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Disability Digest 
The monthly DISABILITY RIGHTS e-publication
of
Disability Network Southwest Michigan
April 2019
Advocacy Academy provides training and work for youth & young adults over the summer
 
yong adults meeting around a table
Disability Network Southwest Michigan is excited to be offering Advocacy Academy in both Kalamazoo and Battle Creek this year. Advocacy Academy is an eight-week, paid, summer program for youth and young adults. After an introduction to the Disability Rights Movement, participants will work as a group to select, plan and carry out a disability rights advocacy campaign.

We are accepting applications for Advocacy Academy through May 9, 2019. We are seeking individuals with disabilities who are between 16-29 years of age, able to commit to the entire eight week position, and are motivated to increase their leadership skills. Follow this link for more information or to apply for this year's Advocacy Academy
Disability hierarchy divides us in a dangerous way 
 
ladder ranking disabilities
Disability hierarchy is a social construct that makes certain disabilities more acceptable than others. In this article, Meriah Nichols says this hierarchy was established by the non-disabled and  revolves around disability being a negative presence in life.  
 
From the beginning, the disability rights movement has gained it's strength from people across disabilities being united in working for rights of all people with disabilities. Nichols says we can't allow this hierarchal system to divide us.   
Coming out as disabled  
 
COMING OUT AS DISABLED | My Visible and Invisible Disability [CC]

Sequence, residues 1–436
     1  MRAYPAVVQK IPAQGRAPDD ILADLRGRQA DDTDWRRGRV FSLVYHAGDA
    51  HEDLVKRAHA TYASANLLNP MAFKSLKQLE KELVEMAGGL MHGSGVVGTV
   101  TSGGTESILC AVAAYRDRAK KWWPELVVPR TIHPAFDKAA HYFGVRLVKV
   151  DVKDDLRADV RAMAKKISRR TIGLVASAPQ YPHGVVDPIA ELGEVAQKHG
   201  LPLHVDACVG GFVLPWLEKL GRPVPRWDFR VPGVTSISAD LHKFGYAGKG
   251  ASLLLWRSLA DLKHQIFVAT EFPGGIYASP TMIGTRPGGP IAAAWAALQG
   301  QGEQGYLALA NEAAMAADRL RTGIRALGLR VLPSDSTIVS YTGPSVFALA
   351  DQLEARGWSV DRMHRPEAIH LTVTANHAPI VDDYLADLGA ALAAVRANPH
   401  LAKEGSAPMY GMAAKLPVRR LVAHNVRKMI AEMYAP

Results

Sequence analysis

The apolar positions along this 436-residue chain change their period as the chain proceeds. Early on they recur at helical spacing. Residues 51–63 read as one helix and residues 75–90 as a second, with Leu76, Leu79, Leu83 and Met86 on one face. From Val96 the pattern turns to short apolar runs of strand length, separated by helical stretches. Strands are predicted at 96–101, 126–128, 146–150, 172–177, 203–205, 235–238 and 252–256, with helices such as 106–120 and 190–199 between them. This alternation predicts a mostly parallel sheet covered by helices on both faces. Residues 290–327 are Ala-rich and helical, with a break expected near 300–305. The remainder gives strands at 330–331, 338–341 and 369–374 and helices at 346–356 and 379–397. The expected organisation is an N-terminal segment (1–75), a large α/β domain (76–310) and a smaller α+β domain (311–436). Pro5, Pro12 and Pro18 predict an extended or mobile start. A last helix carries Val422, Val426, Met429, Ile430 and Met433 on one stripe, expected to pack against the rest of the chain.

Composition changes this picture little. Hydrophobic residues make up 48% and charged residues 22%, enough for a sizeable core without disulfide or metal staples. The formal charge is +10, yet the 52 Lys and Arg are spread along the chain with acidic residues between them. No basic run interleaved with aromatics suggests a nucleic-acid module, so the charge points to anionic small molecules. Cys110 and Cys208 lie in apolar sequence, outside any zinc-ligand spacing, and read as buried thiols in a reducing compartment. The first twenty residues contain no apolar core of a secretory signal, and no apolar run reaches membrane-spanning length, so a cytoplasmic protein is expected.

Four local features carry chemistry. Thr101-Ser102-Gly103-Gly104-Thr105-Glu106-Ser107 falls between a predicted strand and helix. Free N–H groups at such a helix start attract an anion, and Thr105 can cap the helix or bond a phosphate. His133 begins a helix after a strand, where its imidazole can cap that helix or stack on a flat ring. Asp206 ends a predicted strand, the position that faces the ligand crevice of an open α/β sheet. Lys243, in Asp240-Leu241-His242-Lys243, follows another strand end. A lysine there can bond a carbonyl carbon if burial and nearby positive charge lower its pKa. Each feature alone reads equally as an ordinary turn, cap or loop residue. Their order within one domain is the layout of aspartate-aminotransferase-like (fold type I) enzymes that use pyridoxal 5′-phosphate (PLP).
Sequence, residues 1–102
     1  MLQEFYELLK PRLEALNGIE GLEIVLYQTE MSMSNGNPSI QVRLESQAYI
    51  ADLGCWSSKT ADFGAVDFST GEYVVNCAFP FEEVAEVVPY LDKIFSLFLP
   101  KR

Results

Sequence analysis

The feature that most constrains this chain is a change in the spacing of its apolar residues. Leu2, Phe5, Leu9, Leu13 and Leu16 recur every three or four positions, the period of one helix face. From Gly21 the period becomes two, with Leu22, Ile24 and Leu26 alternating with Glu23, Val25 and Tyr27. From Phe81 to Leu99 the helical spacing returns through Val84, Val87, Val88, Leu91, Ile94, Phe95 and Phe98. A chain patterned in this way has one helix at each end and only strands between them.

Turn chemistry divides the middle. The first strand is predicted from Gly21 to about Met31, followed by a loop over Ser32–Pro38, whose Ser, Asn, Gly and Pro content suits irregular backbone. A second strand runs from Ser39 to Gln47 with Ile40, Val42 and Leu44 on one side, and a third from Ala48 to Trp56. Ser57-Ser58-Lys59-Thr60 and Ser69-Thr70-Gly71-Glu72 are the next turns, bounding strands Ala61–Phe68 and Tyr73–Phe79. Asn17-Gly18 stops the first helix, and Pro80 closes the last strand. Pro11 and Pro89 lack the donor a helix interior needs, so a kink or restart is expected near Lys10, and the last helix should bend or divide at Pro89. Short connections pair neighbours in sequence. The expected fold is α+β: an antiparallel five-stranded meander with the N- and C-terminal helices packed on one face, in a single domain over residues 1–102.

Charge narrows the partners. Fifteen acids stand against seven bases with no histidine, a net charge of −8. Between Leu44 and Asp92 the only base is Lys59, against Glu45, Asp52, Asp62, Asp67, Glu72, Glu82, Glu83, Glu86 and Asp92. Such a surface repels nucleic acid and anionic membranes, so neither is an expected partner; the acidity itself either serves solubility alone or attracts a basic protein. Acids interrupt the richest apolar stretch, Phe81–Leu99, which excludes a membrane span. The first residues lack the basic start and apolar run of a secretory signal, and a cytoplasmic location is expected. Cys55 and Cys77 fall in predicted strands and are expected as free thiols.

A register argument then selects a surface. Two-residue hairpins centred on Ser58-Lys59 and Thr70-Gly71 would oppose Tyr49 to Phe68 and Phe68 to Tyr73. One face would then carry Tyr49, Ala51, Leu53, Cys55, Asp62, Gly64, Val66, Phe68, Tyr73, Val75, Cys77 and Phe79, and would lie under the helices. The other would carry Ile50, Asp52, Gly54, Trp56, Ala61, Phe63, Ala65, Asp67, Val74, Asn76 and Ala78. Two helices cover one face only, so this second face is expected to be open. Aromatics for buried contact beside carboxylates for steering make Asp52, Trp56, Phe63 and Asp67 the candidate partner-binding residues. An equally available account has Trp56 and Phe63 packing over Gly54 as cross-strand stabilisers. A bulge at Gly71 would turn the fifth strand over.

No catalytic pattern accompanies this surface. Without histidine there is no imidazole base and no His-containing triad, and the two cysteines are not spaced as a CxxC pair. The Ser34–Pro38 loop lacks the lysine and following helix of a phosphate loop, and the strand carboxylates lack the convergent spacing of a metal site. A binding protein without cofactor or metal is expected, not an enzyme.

In this video, vlogger Anne Elainey talks about what it feels like to have a disability that may or may not present itself the way people "expect" disability to look. Elainey explains that especially with invisible disabilities, it is really hard for people to understand that she DOES have a disability -- it doesn't come and go like the flu. Even more difficult, is to explain this to people when you don't yet have a diagnosis -- as if you should have to justify it! 
Learning from those who have been there
 
woman holding her son close
When Elizabeth Picciuto didn't like the solutions the doctors where posing for her son who had a rare genetic disorder called cri du chat syndrome, she didn't know where to turn. Someone suggested she connect with
other people who had the disorder and hear what they had to say about their experiences.  
 
Connecting to this type of peer support community was invaluable for Picciuto. Through this connection, she realized that she didn't need to find ways to make her son assimilate to the norms of society, she needed to create an environment where her son could be himself and be happy.   Follow this link to read her article, "Not Mine To Mold."  
NEW WORKSHOP  
Know Your Rights
Overview of laws protecting people with disabilities  
Coming in May, this all new workshop will cover the laws which protect people with disabilities in the areas of employment, housing, education (K-12 & post-secondary), public places/access, voting, and transportation.

This event is being held in Kalamazoo, St. Joseph and Battle Creek. Follow this link for more information about the Know Your Rights workshop and to register for the date and location of your choice.
Disability Network Southwest Michigan
Kalamazoo Office
St. Joseph Office
517 E. Crosstown Parkway
2900 Lakeview Avenue
Kalamazoo, MI 49001
St. Joseph, MI 49085
(269) 345-1516
(269) 985-0111

You can help support the Disability Rights Movement in Southwest Michigan with a tax-deductible donation to Disability Network.
Visit our website to donate on-line.

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